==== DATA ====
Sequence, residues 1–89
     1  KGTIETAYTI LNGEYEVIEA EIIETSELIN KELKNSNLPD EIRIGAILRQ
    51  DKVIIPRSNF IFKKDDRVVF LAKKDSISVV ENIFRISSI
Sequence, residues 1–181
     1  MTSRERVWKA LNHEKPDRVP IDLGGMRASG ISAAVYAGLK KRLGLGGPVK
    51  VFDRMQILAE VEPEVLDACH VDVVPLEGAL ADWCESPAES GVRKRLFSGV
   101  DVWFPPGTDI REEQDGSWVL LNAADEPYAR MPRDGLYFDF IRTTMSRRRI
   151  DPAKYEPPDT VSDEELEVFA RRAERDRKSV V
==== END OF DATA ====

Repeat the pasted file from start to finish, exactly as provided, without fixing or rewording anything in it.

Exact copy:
Sequence, residues 1–89
     1  KGTIETAYTI LNGEYEVIEA EIIETSELIN KELKNSNLPD EIRIGAILRQ
    51  DKVIIPRSNF IFKKDDRVVF LAKKDSISVV ENIFRISSI
Sequence, residues 1–181
     1  MTSRERVWKA LNHEKPDRVP IDLGGMRASG ISAAVYAGLK KRLGLGGPVK
    51  VFDRMQILAE VEPEVLDACH VDVVPLEGAL ADWCESPAES GVRKRLFSGV
   101  DVWFPPGTDI REEQDGSWVL LNAADEPYAR MPRDGLYFDF IRTTMSRRRI
   151  DPAKYEPPDT VSDEELEVFA RRAERDRKSV V